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I happened to need to find both the maximum and the minimum of an array, so I decided to implement a minMax function in D.

Questions:

  1. Is this an efficient implementation?
  2. Is it readable?
  3. Any general feedback is appreciated.

Thanks!

import std.range;
import std.traits;
import std.typecons;
import std.functional;

class EmptyContainerException : Exception {
    this(string msg, string file = __FILE__, size_t line = __LINE__) {
        super(msg, file, line);
    }
}

// returns a tuple containing the minimum and maximum elements of a finite InputRange
template minMax(alias pred = "a") {
    alias map = unaryFun!pred;

    auto minMax(Range)(Range r)
    if(isInputRange!Range && !isInfinite!Range && is(typeof(map(r.front)))) {
        if(r.empty) {
            throw new EmptyContainerException(
                "minMax expected a container with at least 1 element, got an empty container."
            );
        }
        auto front = r.front;
        auto frontMap = map(front);

        auto min = front;
        auto max = front;
        auto minMap = frontMap;
        auto maxMap = frontMap;

        r.popFront;
        while(!r.empty) {
            front = r.front;
            frontMap = map(front);
            if(frontMap > maxMap) {
                max = front;
                maxMap = frontMap;
            }
            if(frontMap < minMap) {
                min = front;
                minMap = frontMap;
            }
            r.popFront;
        }
        return tuple!("min", "max")(min, max);
    }
}

unittest {
    import std.exception : assertThrown;

    int[] test1 = [1, 2, 3, 4, 5];
    auto test1result = test1.minMax;
    assert(test1result.min == 1 && test1result.max == 5);

    string test2 = "Hello, World!";
    auto test2result = test2.minMax;
    assert(test2result.min == ' ' && test2result.max == 'r');

    int[] test3 = [];
    assertThrown!EmptyContainerException(test3.minMax);

    string[] test4 = ["who", "is", "the", "longest", "word"];
    auto test4result = test4.minMax!"a.length";
    assert(test4result.min == "is" && test4result.max == "longest");
}
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Is this an efficient implementation?

Yup. It calls map exactly once per item, and otherwise does nothing but the regular range calls. A specialized implementation could be more efficient in some cases (but probably only if using vector instructions), as could a parallel implementation, but neither of these have the genericity that your code does.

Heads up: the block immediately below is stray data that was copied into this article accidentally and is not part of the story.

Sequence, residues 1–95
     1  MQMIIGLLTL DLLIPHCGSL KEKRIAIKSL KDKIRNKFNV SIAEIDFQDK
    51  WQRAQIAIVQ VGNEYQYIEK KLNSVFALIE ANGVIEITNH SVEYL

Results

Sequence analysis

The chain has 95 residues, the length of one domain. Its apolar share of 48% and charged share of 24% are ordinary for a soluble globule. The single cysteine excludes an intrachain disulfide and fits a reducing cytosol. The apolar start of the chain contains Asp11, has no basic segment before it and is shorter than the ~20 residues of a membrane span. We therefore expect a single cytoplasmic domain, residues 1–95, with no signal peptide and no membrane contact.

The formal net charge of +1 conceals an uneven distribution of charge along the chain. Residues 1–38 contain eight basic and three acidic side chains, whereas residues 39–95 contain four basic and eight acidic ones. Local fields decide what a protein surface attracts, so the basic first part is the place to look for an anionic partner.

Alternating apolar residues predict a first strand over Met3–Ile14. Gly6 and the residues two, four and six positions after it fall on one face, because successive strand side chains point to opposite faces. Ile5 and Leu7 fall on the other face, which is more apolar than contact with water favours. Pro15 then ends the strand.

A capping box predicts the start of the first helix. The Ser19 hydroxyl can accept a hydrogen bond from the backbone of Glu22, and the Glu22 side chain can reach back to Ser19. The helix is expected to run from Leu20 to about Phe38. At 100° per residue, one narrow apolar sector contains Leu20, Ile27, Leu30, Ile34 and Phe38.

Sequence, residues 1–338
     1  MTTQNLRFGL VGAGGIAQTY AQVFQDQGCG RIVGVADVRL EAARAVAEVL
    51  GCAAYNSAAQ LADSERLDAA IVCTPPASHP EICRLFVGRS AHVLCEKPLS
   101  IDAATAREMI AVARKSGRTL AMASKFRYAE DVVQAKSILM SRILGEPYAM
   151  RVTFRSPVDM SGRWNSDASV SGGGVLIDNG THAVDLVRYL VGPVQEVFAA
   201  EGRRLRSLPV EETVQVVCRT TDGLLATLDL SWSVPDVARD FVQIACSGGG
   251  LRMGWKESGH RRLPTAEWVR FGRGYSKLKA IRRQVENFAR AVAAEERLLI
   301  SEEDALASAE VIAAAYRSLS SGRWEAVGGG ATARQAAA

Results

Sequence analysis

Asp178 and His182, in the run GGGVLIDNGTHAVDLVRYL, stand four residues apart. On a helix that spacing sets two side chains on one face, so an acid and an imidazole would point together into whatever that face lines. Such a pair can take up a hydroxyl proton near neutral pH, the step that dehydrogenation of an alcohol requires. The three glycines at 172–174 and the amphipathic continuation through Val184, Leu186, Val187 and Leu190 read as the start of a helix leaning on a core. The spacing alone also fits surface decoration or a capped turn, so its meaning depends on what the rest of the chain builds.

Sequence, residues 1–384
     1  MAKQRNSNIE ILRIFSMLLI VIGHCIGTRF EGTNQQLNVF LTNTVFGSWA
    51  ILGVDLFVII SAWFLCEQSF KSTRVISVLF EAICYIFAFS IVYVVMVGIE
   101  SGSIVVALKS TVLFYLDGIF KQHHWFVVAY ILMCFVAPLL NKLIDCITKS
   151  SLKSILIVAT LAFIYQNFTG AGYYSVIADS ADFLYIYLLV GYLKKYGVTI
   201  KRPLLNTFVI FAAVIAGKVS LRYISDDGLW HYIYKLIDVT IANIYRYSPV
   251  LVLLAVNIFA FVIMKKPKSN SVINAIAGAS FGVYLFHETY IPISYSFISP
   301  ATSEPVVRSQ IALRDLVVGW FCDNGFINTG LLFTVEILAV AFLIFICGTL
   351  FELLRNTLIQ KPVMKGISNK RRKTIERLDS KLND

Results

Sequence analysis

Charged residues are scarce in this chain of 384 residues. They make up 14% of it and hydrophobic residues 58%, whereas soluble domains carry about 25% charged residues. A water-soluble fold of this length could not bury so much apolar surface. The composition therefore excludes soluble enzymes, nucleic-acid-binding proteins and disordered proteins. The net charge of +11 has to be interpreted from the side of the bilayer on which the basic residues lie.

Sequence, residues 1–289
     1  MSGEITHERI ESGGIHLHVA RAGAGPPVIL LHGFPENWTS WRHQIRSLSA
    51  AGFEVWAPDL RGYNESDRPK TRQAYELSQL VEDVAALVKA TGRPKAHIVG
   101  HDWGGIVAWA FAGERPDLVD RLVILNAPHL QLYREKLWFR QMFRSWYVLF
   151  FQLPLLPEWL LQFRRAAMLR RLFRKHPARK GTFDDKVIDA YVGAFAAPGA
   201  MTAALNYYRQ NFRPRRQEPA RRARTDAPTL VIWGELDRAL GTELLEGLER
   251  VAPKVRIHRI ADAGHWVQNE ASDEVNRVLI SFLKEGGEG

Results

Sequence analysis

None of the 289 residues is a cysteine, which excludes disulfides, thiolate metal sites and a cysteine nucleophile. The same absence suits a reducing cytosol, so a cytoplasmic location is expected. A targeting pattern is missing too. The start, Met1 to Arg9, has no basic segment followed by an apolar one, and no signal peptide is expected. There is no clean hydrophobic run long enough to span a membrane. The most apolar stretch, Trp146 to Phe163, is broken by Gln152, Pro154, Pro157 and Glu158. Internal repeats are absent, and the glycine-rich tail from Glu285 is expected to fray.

Is it readable?

Absolutely, it's some of the most readable code I've seen. The content of the loop is somewhat dense. You could perhaps make it less dense like this:

    auto front = tuple!("elem", "map")(r.front, map(r.front));
    auto min = front;
    auto max = front;

    r.popFront;
    foreach (e; r) {
        front = tuple(e, map(e));
        if(front.map > max.map) max = front;
        if(front.map < min.map) min = front;
    }
    return tuple!("min", "max")(min.elem, max.elem);

Apart from that, I got nuthin'.

Any general feedback is appreciated.

As hinted at in the section above, instead of while (!empty), you might want to use foreach. This reduces your code by one line (r.popFront()), and makes it clearer that you're going to iterate over every element of the range. It shouldn't change the performance of the code in any way.

You should put an if (is(typeof(unaryFun!pred))) constraint on the template, so the user of the function gets an error message on the line where he or she tries to instantiate it with arr.minMax!"invalid string".

Also, the name pred is wrong - a predicate is a boolean-valued function, like equal, same color or contains bees. I'd call it Fn or Fun.

As a minor nit, I'd also change the name of map, probably to fn or fun (note the difference in capitalization). This because I kept conflating your map with std.algorithm.map. The concept is correct, but essentially the name is already taken.

All in all, very good - my only comments are essentially nitpicks.

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